Dealing with nuclear testing and its long-lasting deadly effects, the story portrays Boy, a young widower living in the desert on a nuclear testing site. Living as a hermit, he waits for ... See full summary »
Mad with grief after the death of his Kiowa wife, Talbot awaits death under a tree with her body beside him. She begins to haunt him because he won't burn her. His father, who bought him the wife, thinks her sister might reason with him.
Martin Bishop is the head of a group of experts who specialize in testing security systems. When he is blackmailed by government agents into stealing a top secret black box, the team find themselves embroiled in a game of danger and intrigue. After they recover the box, they discover that it has the capability to decode all existing encryption systems around the world, and that the agents who hired them didn't work for the government after all.Written by
Graeme Roy <email@example.com>
The warehouse set, in which the characters are having a party after getting the device, is modelled on the set of the warehouse party in The Conversation (1974). See more »
When the gang discovers that the circuit is the ultimate code breaker, and when Whistler has Carl enter different sites for them to connect to, Carl enters numbers on the keyboard's numeric keypad. Assuming standard Internet addressing nomenclature, and the fact that this movie is presumably set in the early 1990s, the numeric address would be IP4 formatted addresses: 4 octets with each number between 0-255. Carl doesn't enter anywhere near enough digits for actual routing to different sites across the Internet. See more »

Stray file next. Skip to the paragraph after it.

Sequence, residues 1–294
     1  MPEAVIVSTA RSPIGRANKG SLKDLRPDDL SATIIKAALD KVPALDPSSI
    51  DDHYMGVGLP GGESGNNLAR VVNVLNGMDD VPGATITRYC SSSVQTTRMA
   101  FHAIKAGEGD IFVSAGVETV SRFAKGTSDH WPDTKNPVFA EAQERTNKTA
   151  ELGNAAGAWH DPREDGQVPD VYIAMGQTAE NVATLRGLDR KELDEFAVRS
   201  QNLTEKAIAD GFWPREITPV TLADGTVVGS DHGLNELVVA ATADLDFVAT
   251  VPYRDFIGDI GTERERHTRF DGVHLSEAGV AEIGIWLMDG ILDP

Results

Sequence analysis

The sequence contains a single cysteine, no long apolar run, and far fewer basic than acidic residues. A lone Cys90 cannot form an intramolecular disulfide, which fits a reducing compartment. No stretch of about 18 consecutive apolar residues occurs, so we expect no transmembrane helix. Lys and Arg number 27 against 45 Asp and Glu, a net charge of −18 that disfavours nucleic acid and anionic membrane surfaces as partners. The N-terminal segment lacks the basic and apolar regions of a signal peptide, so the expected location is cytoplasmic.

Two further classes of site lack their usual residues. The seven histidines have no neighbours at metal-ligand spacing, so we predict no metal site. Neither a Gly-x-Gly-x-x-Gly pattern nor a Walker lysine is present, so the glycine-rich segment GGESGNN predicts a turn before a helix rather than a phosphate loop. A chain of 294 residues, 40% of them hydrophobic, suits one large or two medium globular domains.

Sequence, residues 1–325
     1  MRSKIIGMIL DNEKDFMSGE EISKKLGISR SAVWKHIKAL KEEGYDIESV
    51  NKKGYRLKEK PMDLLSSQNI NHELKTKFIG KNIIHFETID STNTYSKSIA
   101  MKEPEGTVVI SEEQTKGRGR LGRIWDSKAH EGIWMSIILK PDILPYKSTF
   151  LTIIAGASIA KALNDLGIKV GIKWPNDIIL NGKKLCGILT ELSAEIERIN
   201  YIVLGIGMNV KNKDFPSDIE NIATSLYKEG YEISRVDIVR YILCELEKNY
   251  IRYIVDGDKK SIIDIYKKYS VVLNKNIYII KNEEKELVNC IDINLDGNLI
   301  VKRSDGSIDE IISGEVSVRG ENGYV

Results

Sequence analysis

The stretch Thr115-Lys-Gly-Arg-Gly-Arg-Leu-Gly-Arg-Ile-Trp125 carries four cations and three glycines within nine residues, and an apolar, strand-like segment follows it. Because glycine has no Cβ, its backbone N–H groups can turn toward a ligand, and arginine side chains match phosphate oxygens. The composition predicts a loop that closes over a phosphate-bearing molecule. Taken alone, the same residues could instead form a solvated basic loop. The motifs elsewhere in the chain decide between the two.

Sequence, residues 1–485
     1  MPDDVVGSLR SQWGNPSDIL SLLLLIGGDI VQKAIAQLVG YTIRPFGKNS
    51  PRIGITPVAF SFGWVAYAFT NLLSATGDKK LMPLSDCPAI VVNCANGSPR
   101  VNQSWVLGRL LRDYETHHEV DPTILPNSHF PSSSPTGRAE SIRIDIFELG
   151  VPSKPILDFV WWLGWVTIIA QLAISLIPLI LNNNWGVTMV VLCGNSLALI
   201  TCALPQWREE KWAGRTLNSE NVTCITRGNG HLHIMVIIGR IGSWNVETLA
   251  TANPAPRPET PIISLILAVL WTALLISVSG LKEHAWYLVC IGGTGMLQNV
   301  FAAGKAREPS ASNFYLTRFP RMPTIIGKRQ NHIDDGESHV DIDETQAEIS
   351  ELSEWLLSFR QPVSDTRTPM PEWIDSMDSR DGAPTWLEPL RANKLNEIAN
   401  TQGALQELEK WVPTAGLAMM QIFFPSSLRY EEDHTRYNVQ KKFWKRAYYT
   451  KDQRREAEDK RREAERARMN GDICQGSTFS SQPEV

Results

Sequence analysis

[while infiltrating Janek's office, his girlfriend enters unexpectedly; Martin grabs her, and in the van the others hear muffled screams]
Who the hell is that?
See more »
After the closing credits, and after the MPAA rating, a smiley-face appears, and then a directive to visit Universal Studios in Hollywood. See more »
The line "Who's going to save the world Marty? Greenpeace?" in the dubbed Spanish version (DVD) becomes "Who's going to save the world Marty? The military?" See more »
I was drawn to Sneakers because I heard the story was of my favorite genre, a spy thriller. However, I found this movie to be more along the lines of a caper film.
Robert Redford is the leader of a team of experts who break into security systems so that institutions (such as banks) can see how good their system is. The team is made up of a diverse group: an ex-Cia agent (Portier) and three computer whizzes (Ackroyd, Phoenix, and the blind Stratharn). The group has great chemistry and often this leads to some fun humor.
Redford and his team are hired by the government (so they believe) to retrieve a black box that can decode encrypted computer firewalls. After retrieving the black box, the team finds themselves in dire trouble.
I was hoping the film would be more intense, yet Sneakers incorporates a lot of humor. It is a fun film and is enjoyable to watch, but if you are looking for a true spy film, then you may want to pass.
This film more closely resembles recent movies like Ocean's 11 or The Italian Job, popcorn films that have some laughs, some danger, and some suspense.
Redford is really great in this movie as is Straitarn; Mary McDonnell is also very good. Phoenix holds his own. Although far from their best roles, Poitier, James Earl Jones, Ackroyd, and Ben Kingsley are decent.
Overall an enjoyable film which incorporates computer hacking before it was mainstream. Rating 7 of 10 stars.
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